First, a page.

Serving the GW Community since 1904

The GW Hatchet


The GW Hatchet

Serving the GW Community since 1904

The GW Hatchet

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Schools surpass $50,000 price tag

Last year GW became the first university in the nation to surpass the $50,000 price tag for tuition and expenses. But a year later, GW has company at the top.

New York University and Carnegie Mellon University are among the colleges who breached $50,000 this spring with their annual tuition increases. Boston University is now just short of that number.

“It’s only a matter of time before more schools enter our range,” University Spokesperson Tracy Schario said, adding that tuition increases are unavoidable in higher education.

The total cost of attendance at NYU for the next school year will be $50,182, according to The Washington Square News, the campus paper. The paper reported in April that the school is “cash poor” and reliant on tuition for 60 percent of its operating budget, whereas other universities have large endowments to keep costs down.

At GW, tuition accounted for 56 percent of the operating budget last year, according to the capital budget.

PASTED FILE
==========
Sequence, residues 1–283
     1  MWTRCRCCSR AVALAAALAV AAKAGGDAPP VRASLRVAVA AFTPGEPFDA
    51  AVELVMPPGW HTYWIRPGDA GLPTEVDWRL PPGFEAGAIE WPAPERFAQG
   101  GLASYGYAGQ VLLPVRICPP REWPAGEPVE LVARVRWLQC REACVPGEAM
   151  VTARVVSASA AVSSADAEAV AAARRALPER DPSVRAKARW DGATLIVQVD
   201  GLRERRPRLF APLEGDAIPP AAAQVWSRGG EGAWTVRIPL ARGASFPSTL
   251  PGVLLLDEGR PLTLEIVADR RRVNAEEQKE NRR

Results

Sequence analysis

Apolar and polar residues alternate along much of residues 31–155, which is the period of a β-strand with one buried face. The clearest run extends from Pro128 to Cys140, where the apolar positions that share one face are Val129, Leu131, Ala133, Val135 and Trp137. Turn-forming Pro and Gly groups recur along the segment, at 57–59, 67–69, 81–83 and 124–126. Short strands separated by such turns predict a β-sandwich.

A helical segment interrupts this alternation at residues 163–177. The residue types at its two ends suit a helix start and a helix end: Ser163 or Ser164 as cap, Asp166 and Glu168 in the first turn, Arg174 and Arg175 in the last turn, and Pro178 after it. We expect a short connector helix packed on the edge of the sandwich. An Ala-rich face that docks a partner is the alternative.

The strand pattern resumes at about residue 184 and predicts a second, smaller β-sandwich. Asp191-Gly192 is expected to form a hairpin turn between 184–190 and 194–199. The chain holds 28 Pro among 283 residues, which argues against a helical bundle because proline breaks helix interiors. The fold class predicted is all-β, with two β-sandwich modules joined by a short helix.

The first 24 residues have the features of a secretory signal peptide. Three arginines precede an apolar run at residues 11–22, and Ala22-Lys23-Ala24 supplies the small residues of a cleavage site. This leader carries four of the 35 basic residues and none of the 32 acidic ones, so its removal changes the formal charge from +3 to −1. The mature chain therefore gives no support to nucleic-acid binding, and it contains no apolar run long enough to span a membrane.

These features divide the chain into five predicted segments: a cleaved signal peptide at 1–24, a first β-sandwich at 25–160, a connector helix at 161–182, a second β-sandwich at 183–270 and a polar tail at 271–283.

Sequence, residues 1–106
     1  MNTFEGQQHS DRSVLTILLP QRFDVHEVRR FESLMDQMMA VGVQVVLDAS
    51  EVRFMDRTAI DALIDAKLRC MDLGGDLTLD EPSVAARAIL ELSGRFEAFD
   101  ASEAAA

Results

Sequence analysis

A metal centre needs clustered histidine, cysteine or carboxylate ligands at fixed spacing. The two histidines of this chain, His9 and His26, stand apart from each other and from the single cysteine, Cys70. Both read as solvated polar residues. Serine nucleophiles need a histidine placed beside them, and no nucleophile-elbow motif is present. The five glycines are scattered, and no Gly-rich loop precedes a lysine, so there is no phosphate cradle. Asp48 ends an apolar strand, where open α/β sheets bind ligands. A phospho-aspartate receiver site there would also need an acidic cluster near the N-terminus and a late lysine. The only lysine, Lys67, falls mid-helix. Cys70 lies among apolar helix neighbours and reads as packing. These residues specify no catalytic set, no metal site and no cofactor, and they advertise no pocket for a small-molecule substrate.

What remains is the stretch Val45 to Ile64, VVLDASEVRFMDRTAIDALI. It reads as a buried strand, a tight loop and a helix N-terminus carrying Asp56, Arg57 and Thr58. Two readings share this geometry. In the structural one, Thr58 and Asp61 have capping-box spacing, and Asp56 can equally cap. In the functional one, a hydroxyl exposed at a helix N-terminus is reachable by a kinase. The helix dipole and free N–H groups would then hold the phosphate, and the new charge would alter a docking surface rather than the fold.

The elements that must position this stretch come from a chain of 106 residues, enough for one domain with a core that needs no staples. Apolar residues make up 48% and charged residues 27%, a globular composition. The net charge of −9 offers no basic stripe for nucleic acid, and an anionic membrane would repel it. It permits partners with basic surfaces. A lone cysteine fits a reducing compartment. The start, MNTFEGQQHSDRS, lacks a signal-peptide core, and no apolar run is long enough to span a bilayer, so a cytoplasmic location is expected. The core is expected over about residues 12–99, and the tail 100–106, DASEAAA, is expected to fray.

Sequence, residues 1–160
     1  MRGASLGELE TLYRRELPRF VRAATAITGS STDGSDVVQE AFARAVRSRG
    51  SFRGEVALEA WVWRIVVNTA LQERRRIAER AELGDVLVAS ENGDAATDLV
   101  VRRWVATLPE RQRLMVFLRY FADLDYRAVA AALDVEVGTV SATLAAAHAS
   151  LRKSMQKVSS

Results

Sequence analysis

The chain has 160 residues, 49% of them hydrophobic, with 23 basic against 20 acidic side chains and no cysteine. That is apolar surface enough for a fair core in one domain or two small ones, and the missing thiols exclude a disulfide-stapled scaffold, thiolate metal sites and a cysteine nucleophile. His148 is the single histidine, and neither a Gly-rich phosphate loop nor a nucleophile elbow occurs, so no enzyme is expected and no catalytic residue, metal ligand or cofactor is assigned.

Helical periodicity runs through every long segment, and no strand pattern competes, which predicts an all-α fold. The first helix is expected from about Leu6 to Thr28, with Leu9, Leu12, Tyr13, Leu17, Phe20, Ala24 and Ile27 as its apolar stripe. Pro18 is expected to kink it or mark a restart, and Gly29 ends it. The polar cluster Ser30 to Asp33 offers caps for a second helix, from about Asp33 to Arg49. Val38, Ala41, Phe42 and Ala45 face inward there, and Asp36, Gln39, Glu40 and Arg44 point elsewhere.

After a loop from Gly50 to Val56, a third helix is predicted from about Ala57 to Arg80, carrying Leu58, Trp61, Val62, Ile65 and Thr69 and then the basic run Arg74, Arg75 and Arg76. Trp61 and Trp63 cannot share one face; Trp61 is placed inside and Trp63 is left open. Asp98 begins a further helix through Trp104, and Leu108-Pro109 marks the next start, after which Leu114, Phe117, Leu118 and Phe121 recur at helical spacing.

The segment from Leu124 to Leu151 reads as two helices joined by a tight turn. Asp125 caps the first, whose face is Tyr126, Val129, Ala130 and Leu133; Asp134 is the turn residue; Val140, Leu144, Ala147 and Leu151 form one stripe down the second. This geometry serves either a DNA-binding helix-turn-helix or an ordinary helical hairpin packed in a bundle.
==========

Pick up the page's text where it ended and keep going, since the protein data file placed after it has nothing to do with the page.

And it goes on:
Ken Walters, a spokesman for Carnegie Mellon, said they are also dependent on tuition to fund the undergraduate curriculum and a host of other school programs.

“We need tuition,” Walters said. “It helps us to grow and expand our university.”

He added that it was the primary motivation for the university’s decision to increase tuition 4 percent to $39,150 beginning in fall 2008, surpassing $50,000 with room, board and other mandatory costs.

“To have an institution like Carnegie Mellon requires a lot of high-quality people,” Walters said. “No one likes to see the tuition increase, but it’s all part of doing business.”

In March, Boston University announced that it would raise tuition by 4.5 percent – making it almost $50,000 with student costs. A BU spokesperson could not be reached for comment.

School representatives said it was too early to tell if the tuition increases would affect enrollment. For Carnegie Mellon, Walters said their reputation would most likely keep enrollment high.

She said, “Fortunately, we’re a pretty sought after university.”

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